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Rivera v. Body Armor Outlet, LLC

United States District Court, D. New Hampshire

April 10, 2018

Alejandro Rivera
v.
Body Armor Outlet, LLC, et al.

          ORDER

          Landya McCafferty United States District Judge.

         Before the court is plaintiff Alejandro Rivera's motion requesting that the substantive law of Nevada be deemed “controlling” (doc. no. 58). Defendants Body Armor Outlet, LLC (“Body Armor Outlet”) and Ace Welding Co., Inc. (“Ace”) object and assert that the substantive law of New Hampshire should apply. Finding the motion premature, the court declines to rule on the question at this time, and therefore denies Rivera's motion without prejudice.[1]

         For three reasons, the court concludes that the choice-of-law issues presented in this case are better addressed at a later juncture.

         First, there appears to be a dispute of fact regarding whether Rivera agreed to a New Hampshire choice-of-law provision set forth in the “Conditions of Use” on Body Armor Outlet's website. Defendants allege that when Rivera purchased the steel plates from Body Armor Outlet's website, he checked a box labeled “Yes, I agree, ” next to the following statement:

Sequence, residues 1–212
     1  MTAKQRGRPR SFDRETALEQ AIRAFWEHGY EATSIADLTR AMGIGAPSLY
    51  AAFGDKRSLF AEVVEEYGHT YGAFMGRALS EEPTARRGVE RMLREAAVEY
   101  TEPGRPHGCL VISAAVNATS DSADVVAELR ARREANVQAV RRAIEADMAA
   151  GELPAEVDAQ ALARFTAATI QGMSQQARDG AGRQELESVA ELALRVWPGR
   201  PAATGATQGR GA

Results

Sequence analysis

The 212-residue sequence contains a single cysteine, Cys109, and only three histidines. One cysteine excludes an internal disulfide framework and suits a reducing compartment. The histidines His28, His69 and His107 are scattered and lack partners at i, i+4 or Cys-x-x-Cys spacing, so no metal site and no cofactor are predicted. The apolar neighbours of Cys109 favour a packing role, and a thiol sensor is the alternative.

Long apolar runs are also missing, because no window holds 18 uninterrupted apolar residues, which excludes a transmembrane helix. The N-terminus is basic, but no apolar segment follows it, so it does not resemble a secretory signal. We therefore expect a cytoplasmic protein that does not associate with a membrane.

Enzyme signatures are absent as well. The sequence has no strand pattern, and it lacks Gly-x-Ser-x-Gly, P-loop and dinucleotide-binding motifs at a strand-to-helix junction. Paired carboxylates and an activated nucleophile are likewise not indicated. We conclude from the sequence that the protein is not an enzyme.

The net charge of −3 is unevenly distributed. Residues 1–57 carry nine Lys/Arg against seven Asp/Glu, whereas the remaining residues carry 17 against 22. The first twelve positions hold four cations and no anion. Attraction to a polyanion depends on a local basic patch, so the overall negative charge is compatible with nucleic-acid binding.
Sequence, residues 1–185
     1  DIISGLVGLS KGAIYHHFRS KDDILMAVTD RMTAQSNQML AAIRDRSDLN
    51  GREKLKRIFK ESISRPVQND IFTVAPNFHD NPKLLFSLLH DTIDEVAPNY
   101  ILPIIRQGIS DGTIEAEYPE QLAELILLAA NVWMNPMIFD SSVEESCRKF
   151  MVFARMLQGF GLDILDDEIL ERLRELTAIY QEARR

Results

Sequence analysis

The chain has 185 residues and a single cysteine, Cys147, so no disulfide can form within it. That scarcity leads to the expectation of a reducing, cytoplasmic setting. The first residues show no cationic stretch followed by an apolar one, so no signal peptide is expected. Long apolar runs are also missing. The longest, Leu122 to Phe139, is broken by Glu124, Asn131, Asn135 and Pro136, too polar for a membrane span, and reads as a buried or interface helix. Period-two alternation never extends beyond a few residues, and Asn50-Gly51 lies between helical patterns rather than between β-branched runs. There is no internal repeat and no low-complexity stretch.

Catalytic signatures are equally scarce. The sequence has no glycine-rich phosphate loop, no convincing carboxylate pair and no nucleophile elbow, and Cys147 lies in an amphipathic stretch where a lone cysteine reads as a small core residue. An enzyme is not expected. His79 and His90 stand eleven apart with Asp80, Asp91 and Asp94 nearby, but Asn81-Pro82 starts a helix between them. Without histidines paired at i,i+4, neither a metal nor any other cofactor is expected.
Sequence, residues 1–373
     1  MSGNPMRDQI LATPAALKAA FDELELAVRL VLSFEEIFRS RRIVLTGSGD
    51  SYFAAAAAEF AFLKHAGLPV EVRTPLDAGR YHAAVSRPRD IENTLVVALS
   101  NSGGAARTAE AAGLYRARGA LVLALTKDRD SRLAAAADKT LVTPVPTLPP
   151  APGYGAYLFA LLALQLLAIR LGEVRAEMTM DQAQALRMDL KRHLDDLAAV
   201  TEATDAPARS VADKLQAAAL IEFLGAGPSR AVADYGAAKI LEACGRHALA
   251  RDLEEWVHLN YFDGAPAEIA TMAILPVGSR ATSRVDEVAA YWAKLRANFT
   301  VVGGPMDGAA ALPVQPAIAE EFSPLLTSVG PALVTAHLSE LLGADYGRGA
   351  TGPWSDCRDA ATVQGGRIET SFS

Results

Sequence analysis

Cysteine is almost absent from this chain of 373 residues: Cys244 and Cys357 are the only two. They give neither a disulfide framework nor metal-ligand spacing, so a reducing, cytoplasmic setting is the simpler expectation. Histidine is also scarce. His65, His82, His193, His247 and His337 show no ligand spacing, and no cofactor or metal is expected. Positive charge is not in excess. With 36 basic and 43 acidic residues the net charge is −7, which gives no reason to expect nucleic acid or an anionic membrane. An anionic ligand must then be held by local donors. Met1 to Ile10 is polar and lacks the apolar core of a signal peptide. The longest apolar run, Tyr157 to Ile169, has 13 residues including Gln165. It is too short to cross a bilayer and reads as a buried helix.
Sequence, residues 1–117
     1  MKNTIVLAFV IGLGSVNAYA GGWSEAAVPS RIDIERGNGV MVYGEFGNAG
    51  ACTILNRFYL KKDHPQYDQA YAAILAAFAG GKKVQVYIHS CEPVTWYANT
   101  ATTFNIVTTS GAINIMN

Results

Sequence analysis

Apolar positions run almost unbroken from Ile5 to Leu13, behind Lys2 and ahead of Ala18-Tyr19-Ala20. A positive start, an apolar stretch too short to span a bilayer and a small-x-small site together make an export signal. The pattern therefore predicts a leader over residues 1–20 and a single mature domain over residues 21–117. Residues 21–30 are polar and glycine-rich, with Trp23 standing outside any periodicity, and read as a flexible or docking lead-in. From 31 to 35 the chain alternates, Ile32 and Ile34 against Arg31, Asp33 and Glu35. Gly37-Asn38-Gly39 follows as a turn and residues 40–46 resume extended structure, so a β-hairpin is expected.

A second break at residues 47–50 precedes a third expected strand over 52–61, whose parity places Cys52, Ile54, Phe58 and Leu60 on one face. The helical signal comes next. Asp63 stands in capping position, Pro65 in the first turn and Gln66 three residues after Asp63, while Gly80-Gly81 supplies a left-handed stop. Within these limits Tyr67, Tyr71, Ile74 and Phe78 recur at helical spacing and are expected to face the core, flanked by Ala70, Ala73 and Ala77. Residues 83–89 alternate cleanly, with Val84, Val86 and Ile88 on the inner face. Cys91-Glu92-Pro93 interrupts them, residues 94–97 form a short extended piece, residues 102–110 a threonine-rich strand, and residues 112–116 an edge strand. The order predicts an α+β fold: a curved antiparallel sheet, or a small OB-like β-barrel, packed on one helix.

With the confirmation of this purchase from Body Armor Outlet, LLC I am confirming that I have read the shipping and returns policy and fully understand the policy. By making this purchase I am agreeing to the terms described in this section for my order.

Doc. no. 60-2 at 2. Defendants assert that, by clicking the checkbox, Rivera agreed to the website's Conditions of Use. Rivera appears to challenge the claim that he made such an agreement, stating that the Conditions of Use were an “optional link” at the bottom of Body Armor Outlet's website. Doc. no. 66 at 3.

         The court is not in a position to resolve this dispute. The submissions before the court amount to screenshots of the relevant webpages, along with unsworn factual statements of each party's counsel relating to the operation of the website and Rivera's purchase. The evidence is sparse and, more importantly, unclear. In addition, Rivera appears to make a claim that the Conditions of Use are unconscionable, which is itself a “fact-laden” determination. State Farm Mut. Auto. Ins. Co. v. Koshy, 995 A.2d 651, 669 (Me. 2010) (discussing New Hampshire law). Further discovery and development of the record would help to clarify and resolve these disputes. See, e.g., Picone v. Shire PLC, No. 16-cv-12396, 2017 WL 4873506, at *15 (D. Mass. Oct. 20, 2017) (collecting cases for proposition that “it is premature to conduct the choice-of-law analysis at the motion to dismiss stage prior to discovery”).